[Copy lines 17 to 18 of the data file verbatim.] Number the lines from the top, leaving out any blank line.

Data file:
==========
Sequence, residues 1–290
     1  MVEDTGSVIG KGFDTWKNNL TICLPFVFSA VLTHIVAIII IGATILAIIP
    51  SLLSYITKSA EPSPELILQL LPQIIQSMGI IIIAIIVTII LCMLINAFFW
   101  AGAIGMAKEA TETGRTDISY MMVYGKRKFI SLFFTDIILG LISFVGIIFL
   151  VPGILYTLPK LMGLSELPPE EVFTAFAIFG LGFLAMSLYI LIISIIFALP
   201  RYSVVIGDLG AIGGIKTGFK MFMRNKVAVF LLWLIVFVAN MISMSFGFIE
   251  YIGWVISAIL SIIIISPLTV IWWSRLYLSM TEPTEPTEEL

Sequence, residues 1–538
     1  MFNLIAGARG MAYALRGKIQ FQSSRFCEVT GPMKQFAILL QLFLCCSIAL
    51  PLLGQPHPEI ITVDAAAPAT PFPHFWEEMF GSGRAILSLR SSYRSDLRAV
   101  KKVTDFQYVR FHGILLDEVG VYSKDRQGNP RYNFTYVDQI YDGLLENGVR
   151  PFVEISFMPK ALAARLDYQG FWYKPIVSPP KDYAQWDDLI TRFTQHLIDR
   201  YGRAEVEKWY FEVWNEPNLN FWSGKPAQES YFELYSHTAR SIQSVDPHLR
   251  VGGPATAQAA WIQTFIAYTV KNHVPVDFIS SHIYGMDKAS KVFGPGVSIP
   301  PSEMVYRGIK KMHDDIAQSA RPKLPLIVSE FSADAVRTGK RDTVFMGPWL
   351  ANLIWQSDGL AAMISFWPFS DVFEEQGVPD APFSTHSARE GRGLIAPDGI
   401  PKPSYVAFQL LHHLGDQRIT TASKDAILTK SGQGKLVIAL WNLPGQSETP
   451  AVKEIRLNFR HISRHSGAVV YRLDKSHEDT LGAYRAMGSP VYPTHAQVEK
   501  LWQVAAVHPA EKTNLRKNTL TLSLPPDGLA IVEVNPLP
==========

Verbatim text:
   401  PKPSYVAFQL LHHLGDQRIT TASKDAILTK SGQGKLVIAL WNLPGQSETP
   451  AVKEIRLNFR HISRHSGAVV YRLDKSHEDT LGAYRAMGSP VYPTHAQVEK